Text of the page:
April 14. 2024. 6:00

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EU court exempts gene modification technique from stricter rules

The EU’s highest court has concluded that organisms obtained by in-vitro mutagenesis, a genetic modification technique, are excluded from the bloc’s rules governing genetically modified organisms (GMOs), a move welcomed by industry players but lambasted by green groups.

The directive includes an exemption whereby certain genetic modification techniques fall outside its very strict scope.

The reach of this directive was up for debate until another EU court judgement in 2018, which placed on an equal footing traditional GMOs and gene editing – a targeted modification achieved via a genetic technique called CRISP/Cas9.

But while clarifying that the latter should, in principle, fall under the 2001 directive, a question mark was still left over another gene modification technique known as random mutagenesis.

Commission reopens gene editing’s box amid sustainability claims

A new study from the European Commission has concluded that the current legal framework governing new genomic techniques (NGTs) is insufficient and indicated that new policy instruments should be considered to reap the benefits of this technology.

Random mutagenesis involves inducing spontaneous genetic mutations in living organisms, such as via the use of certain chemicals that have the ability to alter the genetic makeup of plant cells.

The idea behind the technique is that these changes may then result in a plant with a desirable trait, such as a higher tolerance to drought or resistance to pests, which can then be selected for.

Random mutagenesis can be applied in-vitro – when mutagenic agents are applied to plant cells and the whole plant is then artificially reconstituted – or in-vivo – when mutagenic agents are applied to the whole plant or plant parts.

While in-vivo random mutagenesis is a common plant breeding practice in the EU and was declared exempt in the 2018 ruling, as the technology has been in use since before 2001, in-vitro random mutagenesis has been a point of contention.

However, given that random mutagenesis has “conventionally been used in a number of in-vivo applications and has a long safety record with regard to those applications”, the Court found that those organisms obtained by in-vitro random mutagenesis should also qualify for an exemption from the EU’s GMO directive, and thus greenlighting their use in the EU.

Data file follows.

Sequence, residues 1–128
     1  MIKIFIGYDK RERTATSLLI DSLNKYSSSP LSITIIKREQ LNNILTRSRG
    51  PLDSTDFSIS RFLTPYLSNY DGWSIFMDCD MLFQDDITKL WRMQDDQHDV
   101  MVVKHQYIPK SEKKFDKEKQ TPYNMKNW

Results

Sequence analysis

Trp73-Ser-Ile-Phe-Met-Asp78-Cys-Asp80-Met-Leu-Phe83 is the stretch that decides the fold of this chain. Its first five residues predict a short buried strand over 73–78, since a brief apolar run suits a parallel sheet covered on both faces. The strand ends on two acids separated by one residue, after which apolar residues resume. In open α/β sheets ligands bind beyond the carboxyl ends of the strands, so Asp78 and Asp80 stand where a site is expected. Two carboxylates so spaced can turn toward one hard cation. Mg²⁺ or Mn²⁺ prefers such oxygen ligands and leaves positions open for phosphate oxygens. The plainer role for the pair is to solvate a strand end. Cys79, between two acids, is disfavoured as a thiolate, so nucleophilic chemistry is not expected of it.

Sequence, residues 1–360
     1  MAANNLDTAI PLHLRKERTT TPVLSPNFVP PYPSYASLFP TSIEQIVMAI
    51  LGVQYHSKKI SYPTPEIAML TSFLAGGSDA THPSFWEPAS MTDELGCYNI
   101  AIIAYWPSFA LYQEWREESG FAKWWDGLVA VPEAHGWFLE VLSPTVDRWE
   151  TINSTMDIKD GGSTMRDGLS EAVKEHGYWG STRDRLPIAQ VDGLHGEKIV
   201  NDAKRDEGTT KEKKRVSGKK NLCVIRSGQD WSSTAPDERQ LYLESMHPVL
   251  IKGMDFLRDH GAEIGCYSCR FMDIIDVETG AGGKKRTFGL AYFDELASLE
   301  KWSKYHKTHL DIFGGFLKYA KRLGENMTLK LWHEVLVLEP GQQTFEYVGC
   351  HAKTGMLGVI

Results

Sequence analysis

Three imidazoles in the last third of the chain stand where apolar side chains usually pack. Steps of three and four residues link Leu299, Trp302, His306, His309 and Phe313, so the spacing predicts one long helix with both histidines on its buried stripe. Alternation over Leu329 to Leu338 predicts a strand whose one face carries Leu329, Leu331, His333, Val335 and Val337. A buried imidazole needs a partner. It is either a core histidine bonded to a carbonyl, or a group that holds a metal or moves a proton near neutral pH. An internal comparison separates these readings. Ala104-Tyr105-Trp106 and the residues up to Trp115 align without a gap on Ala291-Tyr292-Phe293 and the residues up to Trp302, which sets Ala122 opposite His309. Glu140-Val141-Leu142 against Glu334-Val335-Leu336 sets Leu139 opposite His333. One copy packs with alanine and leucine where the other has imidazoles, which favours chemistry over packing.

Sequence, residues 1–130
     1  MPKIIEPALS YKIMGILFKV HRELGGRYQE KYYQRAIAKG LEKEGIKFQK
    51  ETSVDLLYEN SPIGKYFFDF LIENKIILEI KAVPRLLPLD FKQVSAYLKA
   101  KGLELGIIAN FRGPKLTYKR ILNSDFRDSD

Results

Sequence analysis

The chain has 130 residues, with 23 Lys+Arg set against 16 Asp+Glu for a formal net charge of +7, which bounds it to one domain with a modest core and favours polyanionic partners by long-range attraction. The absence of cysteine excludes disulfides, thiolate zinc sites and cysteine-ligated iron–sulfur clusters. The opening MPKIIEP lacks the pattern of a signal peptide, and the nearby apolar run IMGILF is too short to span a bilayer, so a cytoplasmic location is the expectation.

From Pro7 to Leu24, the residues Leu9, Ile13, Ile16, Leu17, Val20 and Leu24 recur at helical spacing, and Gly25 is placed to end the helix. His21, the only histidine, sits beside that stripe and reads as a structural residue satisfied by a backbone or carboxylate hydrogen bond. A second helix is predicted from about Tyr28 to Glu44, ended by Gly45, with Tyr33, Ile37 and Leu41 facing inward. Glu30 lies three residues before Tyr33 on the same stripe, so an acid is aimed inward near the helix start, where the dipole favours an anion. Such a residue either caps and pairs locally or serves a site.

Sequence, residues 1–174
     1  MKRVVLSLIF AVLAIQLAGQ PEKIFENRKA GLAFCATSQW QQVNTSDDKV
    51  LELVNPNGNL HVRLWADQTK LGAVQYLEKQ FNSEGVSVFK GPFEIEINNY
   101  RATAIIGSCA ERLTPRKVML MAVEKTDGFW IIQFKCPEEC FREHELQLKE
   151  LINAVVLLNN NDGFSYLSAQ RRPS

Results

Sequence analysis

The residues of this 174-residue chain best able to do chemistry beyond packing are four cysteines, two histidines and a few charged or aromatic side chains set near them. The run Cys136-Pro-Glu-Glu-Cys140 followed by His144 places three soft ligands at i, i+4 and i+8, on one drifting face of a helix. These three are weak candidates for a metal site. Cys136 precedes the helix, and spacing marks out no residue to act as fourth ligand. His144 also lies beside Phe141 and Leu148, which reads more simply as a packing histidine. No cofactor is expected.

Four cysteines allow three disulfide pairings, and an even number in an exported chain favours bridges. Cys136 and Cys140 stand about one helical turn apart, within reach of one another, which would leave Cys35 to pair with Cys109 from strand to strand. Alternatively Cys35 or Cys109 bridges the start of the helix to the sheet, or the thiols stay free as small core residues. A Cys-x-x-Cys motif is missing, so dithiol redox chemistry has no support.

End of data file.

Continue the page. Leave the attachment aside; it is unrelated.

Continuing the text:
The ruling comes at a critical juncture in the EU, just ahead of a crucial proposal from the European Commission on whether to loosen EU rules on new genetic techniques (NGTs), expected in early June 2023.

For agrochemical giant Bayer, the ruling on in-vitro random mutagenesis – which it points out is “less targeted and more risk-prone than gene-editing” – should “pave the way for Europe to unlock the opportunities of the bio-revolution in plant- and soil sciences”.

“It makes no sense to regulate both breeding practices differently,” the company’s senior vice president of public affairs, science and sustainability, Matthias Berninger, wrote on Twitter following the decision.

Likewise, the EU farmers’ association welcomed the ruling, stressing that farmers need to “access the benefits of innovation to be more sustainable and achieve the ambition as set out in the European Green Deal”.

“Plant breeders should be able to consider certain mutagenesis techniques in their breeding programs, reducing by some 10 years the time to market,” the association said in a statement.

But green groups and small farming associations warned the ruling risks opening the door to a “massive flood of unlabelled and un-assessed GMOs in farmers’ fields and on European citizens’ plates”.

Lambasting the court for “capitulating in favour of seed multinationals”, the small farmers’ association European Coordination Via Campesina (ECVC) maintained that the technology generates the “same health and environmental risks that justify the current regulatory obligations of risk assessment, labelling and traceability”.

The association warned that it will now become impossible for farmers and consumers to distinguish these crops produced via in-vitro random mutagenesis from any other non-GMO conventionally bred plant.

German Green ministers not aligned on EU gene editing deregulation

With the Greens leading both the German agriculture and environment ministries, many expect the country to stand against the Commission’s expected push to deregulate new genomic techniques (NGTs). But agriculture minister Cem Özdemir has so far refused to take sides.